My friend, Michael Denton, has a good post asking “Does the right’s support of [Scott] Brown mean an end to the non-negotiable framework of voting?“.
Michael offers 3 possible theories to explain the fact that many pro-lifers supported the pro-abortion Republican Brown over his Democratic (and also pro-abortion) opponent, Martha Coakley: (1) the Pessimist; (2) the Apologist; and (3) the Liberal. Do read Michael’s entire post in which he fleshes out these theories.
I want to focus, however, on Michael’s description of the “non-negotiable” framework of voting. I’m not sure the “non-negotiable” approach is necessarily as stringent as Michael has described it (although I think some people pushing the non-negotiable approach seem to argue that way).
What the Holy Father has stated regarding issues that are “not negotiable”, and what the U.S. Bishops seemed to confirm in Faithful Citizenship, is that issues like abortion, marriage, and the right of parents to control their children’s education (to name 3 items that the Pope has deemed “not negotiable”) can’t be treated as just some important items alongside a lot of other important items. When we vote, these items must be forefront in our minds and command priority. They can’t be swept aside because someone thinks a candidate is better overall on other important issues to Catholics (such as war, health care, welfare programs, etc.). In that sense, abortion, marriage, etc. can’t be “negotiated away” because we might prefer a candidate’s position on those other issue.
However, if the “non negotiable” position meant that Catholics could NEVER vote for candidates who countenance abortion, we would rarely be able to participate in the political process since even allegedly “pro-life” candidates generally allow for some exceptions to banning abortion. Unfortunately, there are very few “perfect” pro-life candidates out there. So, to some extent, even the non-negotiable position encompasses some level of pragmatism and prudence. Faithful Citizenship explicitly provides guidance for these situations:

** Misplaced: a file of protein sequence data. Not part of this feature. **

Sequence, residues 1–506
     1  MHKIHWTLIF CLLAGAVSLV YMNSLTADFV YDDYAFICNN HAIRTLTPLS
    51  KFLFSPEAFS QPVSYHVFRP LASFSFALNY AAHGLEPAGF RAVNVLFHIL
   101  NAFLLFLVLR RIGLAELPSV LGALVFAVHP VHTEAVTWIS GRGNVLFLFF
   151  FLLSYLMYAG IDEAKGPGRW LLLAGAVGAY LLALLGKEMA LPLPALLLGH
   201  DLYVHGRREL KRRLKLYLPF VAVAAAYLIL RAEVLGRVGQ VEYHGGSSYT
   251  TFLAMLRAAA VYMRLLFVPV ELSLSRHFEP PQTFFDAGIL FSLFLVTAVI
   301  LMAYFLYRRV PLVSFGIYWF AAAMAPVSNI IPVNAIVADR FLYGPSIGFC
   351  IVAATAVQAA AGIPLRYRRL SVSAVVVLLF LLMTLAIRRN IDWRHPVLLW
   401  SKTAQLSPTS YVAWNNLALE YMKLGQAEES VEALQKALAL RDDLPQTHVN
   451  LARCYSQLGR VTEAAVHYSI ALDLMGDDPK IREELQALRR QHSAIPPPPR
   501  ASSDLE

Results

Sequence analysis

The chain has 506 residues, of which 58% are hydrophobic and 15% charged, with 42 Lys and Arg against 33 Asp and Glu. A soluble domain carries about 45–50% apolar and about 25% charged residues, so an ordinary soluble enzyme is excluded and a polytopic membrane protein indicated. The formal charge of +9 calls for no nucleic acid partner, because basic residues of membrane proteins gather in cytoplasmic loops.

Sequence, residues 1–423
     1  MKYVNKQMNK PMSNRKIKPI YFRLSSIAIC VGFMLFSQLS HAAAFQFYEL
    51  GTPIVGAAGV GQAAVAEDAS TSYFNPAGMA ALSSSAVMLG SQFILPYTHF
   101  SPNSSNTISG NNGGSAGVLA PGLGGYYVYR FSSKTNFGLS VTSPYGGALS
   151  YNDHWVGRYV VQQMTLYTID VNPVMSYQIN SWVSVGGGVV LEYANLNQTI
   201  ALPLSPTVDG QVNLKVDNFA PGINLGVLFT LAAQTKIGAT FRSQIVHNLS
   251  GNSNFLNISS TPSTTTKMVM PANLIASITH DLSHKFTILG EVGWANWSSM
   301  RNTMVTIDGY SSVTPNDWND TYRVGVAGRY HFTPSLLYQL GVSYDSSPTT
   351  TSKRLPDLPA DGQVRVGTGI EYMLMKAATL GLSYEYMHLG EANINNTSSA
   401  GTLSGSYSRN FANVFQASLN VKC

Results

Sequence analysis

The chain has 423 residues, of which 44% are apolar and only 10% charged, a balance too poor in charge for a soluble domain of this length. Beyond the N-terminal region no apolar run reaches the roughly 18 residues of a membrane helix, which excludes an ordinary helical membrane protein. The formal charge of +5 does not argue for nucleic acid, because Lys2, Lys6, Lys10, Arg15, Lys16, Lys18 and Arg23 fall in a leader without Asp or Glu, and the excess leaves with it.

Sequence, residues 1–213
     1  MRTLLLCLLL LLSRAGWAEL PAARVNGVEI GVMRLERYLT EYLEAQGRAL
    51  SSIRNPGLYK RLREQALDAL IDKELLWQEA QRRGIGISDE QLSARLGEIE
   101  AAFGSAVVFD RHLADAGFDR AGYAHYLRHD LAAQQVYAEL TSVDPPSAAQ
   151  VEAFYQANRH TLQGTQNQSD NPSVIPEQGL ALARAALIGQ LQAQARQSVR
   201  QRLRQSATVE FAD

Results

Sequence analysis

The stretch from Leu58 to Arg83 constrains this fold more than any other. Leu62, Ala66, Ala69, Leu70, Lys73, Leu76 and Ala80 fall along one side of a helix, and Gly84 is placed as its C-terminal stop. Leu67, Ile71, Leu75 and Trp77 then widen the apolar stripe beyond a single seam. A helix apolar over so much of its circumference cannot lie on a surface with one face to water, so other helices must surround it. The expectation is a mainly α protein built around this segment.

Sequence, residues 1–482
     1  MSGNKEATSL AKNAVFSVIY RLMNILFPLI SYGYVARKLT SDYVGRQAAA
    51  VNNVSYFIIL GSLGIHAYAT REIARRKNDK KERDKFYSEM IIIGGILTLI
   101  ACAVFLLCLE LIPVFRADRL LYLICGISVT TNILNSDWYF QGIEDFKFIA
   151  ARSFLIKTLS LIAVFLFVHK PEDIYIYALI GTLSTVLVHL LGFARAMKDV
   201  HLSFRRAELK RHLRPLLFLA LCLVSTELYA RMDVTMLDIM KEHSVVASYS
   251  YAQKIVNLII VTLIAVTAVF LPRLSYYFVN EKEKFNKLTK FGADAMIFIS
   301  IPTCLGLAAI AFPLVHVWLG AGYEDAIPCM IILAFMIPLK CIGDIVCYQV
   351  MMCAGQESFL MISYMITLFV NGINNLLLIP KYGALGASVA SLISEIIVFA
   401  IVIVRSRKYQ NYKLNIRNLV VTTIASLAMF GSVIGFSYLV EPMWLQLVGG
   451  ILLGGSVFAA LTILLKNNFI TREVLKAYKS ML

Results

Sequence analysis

36. When all candidates hold a position in favor of an intrinsic evil, the conscientious voter faces a dilemma. The voter may decide to take the extraordinary step of not voting for any candidate or, after careful deliberation, may decide to vote for the candidate deemed less likely to advance such a morally flawed position and more likely to pursue other authentic human goods. 37. In making these decisions, it is essential for Catholics to be guided by a well-formed conscience that recognizes that all issues do not carry the same moral weight and that the moral obligation to oppose intrinsically evil acts has a special claim on our consciences and our actions. These decisions should take into account a candidate’s commitments, character, integrity, and ability to influence a given issue.
And, as Tom Kreitzberg of the Disputations blog pointed out yesterday in a comment at Vox Nova, even the 2004 Voter’s Guide for Serious Catholics that popularized the “five non-negotioable issues” included this paragraph:
“In some political races, each candidate takes a wrong position on one or more of the five non-negotiables. In such a case you may vote for the candidate who takes the fewest such positions or who seems least likely to be able to advance immoral legislation, or you may choose to vote for no one.”
So, I think there’s some nuance even in the “non-negotiable” approach that allows for pragmatism when neither candidate is “perfect” on the issues of primary importance to Catholics.
NB: My explanation here explains, in part, why I have argued strongly against the view that Catholics may NEVER vote for a pro-abortion candidate and, in fact, why I wrote during the 2008 election that, despite my disagreement with the prudence of such a vote, a faithful Catholic was not morally foreclosed from voting for Barack Obama.